Student-teacher sex: When is it OK?

A man is charged with sexual misconduct with a minor, even though the student was 18

Published November 20, 2010 2:01AM (EST)

Matthew Hirschfelder, a former choir teacher at Hoquiam High School in Washington state, had sex in his office with a student days before she graduated. Then 33, he was charged with first degree sexual misconduct with a minor, even though the student was 18 at the time. I mentioned this case yesterday in a link roundup, but the issues it raises -- especially, whether a high school student can ever meaningfully consent to sex with a teacher -- deserves a bit more consideration.

The age of consent in Washington is 16, but a statute outlaws a few specific sexual relationships, including between a teacher and a "minor" student who is "at least sixteen years old." In an appeal, Hirschfelder argued that the statute was meant to criminalize sexual misconduct between teachers and students who are aged 16 and 17 (i.e. over the age of consent but under the age of 18). This week, however, the State Supreme Court ruled that legislators had originally intended to outlaw teachers having sex with students under 21 (the age cap for high school enrollment).

The court's decision reads, "That the legislature saw fit to criminalize sex between school employees and high school students -- even those who reach the age of majority while registered as students -- is a policy choice that recognizes the special position of trust and authority teachers hold over their students." The ruling essentially recasts all registered students between the age of 16 and 21 as incapable of consenting to sex, at least when it comes to school employees. Many states where the age of consent is 16 have similar laws. In a teacher-student sex case in Pennsylvania, a judge ruled:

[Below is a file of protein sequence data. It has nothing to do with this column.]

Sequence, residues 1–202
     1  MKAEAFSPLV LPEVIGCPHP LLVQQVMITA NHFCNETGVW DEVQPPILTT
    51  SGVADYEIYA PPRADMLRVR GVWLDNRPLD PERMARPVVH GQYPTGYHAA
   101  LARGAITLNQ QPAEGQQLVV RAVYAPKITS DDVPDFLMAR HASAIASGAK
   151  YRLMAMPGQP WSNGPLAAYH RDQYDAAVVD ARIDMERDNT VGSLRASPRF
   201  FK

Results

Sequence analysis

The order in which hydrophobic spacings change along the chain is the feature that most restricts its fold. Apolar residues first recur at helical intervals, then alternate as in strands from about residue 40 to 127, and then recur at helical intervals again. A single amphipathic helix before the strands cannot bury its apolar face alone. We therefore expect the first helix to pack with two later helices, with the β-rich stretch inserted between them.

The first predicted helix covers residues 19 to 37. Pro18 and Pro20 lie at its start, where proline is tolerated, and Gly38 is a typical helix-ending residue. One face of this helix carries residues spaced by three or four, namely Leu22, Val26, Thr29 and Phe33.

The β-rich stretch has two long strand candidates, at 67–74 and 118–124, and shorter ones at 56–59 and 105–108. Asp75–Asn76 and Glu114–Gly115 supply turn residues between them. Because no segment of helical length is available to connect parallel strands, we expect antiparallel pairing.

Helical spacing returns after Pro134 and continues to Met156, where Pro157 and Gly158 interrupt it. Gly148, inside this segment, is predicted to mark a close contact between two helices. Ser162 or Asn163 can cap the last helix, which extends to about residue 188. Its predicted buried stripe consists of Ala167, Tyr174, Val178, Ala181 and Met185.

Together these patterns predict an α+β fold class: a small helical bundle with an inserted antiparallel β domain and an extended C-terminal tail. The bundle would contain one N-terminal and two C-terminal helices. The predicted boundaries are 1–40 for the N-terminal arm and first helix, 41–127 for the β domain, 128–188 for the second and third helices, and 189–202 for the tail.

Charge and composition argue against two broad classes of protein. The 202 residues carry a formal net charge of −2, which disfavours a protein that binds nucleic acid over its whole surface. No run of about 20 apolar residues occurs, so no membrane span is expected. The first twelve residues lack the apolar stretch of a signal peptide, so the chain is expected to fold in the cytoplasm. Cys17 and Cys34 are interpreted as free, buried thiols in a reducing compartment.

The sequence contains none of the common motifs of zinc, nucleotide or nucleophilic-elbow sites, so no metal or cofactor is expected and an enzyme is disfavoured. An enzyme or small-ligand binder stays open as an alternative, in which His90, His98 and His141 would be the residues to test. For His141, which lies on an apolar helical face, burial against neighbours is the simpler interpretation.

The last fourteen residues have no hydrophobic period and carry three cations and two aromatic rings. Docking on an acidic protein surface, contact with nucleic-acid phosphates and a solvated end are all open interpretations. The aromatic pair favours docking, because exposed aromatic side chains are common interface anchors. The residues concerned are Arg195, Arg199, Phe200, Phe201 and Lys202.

A high school student who is assigned to a teacher's class does not have the capacity to welcome that teacher's physical sexual conduct. Under these circumstances, the teacher's conduct is deemed unwelcomed. Unwelcome sexual conduct constitutes a sexually hostile educational environment, a form of sexual harassment. And sexual harassment constitutes discrimination on the basis of sex.

Of course, teacher-student sex is a controversial topic even with students over the age of 21, and many colleges have banned hot-for-teacher hookups. We don't legislate those relationships from the outside, though, because we're talking about legal, consenting adults. Things get messier when looking at cases like Hirschfelder's. If we draw the line at high school graduation, as opposed to at a student's 18th birthday, it means that a teacher having sex with a 20-year-old high school student could be outlawed, even though someone of the same age could legally engage in a sexual relationship with a teacher if they were in college. It's easy enough to understand the frustration of the dissenting judge in this case, who wrote that the majority opinion "does not, ultimately make sense."

By Tracy Clark-Flory

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